As we approached the border crossing, I was nervous. I hadn’t done something like this before. I don’t know if it was my obvious nervousness or the scruffy beard and long hair of the draft dodger, but the border official took one look at us, and said sternly,
“Step out of the car, please.”
I tried to push down my rising panic: the draft dodger was bad enough: what was going to happen when they found the film?
The guard began searching the front seat, first my purse, and then, the glove compartment of the car. He pulled something out of the glove compartment, and then turned to face us, his face mottled in rage.
“What are you doing with these?” he rasped.
“What are they?” I squinted to see.
“They’re from Cuba,” the word curdling on his lips. “It’s illegal in the United States to trade with Cuba. These are illegal.”
When we had arrived in Vancouver, one of the first things that Tony Mendez had gone was to go to a tobacco shop to purchase Havana cigars. He was delighted with the fact that Canada traded with Cuba: in the U.S., Havana cigars were expensive and hard to come by. Tony had smoked the cigars, apparently, and had left the empty tubes in the glove compartment of the car.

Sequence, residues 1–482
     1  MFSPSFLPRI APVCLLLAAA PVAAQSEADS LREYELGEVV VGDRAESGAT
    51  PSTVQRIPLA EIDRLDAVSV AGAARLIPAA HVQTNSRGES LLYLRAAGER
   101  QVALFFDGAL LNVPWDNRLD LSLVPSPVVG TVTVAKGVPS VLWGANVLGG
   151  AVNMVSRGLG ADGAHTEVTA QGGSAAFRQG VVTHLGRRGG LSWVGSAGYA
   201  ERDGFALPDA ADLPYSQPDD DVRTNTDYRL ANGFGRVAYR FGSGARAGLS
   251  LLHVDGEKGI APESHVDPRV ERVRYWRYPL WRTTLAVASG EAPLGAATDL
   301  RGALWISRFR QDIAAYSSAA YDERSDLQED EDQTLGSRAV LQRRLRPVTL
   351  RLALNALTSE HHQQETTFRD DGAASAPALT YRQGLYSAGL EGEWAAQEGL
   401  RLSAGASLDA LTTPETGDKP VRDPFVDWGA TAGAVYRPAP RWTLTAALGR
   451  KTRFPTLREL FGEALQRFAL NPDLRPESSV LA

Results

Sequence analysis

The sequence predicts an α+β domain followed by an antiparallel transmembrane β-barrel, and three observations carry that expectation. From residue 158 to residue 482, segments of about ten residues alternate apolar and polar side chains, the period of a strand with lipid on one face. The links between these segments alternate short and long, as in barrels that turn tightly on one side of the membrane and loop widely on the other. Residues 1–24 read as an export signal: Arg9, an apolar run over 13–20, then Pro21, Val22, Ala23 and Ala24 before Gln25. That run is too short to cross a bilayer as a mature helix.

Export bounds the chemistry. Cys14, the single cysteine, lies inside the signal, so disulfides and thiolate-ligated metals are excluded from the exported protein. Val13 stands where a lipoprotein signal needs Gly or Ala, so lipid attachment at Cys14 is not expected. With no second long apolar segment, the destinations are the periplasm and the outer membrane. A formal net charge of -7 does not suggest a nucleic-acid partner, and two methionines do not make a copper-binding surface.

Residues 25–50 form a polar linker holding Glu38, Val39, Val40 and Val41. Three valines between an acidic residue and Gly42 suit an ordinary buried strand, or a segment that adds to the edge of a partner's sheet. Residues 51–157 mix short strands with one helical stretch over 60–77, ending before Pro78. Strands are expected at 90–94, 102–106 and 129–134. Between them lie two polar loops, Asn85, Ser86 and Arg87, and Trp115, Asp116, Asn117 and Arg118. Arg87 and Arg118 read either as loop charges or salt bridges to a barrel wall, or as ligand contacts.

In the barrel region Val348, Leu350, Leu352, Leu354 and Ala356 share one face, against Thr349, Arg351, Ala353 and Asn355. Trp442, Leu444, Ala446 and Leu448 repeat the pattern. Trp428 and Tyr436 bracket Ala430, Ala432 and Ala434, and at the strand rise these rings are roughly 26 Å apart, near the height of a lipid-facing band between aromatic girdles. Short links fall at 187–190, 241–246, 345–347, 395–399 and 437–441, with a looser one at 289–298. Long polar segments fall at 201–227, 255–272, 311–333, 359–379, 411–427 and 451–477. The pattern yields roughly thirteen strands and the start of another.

Oh,” I replied. It seemed a simple matter. “That’s what another person bought, the one who owns this car. He smokes cigars, and I guess he bought those in Vancouver.”
The guard was furious.
“You can’t bring these into the United States,” he fumed. “Trade with Cuba is illegal. These are illegal. This is contraband.”
“But they’re empty,” I said. “The cigars have already been smoked, and we’re not bringing in any cigars.”
I just couldn’t understand how anyone could get upset about something that was empty, and I was confused, and really worried. What was he going to do to us? What would happen when he found out about the film? He was obviously already really angry.
The border guard was so upset about the empty cigar tubes, he forgot to check the rest of the car. Finally, he let us go. We went on our way, shaken but with our secret film securely under the back seat.
The labor lessons went well, but the organizing went poorly. Tony got frustrated and angry with what he perceived as a lack of response. He stopped making a plan for our organizing effort. I was unable to learn much about organizing from him. Eventually, he left the Vancouver boycott, returning to Delano, where he went to work for the growers. When I found out, it didn’t surprise me.